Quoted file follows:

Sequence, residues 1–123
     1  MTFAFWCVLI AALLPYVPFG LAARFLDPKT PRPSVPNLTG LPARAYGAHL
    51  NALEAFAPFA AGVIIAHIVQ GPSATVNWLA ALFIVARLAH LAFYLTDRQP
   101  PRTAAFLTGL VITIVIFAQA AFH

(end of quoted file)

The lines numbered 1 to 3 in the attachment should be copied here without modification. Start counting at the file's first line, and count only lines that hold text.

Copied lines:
Sequence, residues 1–123
     1  MTFAFWCVLI AALLPYVPFG LAARFLDPKT PRPSVPNLTG LPARAYGAHL
    51  NALEAFAPFA AGVIIAHIVQ GPSATVNWLA ALFIVARLAH LAFYLTDRQP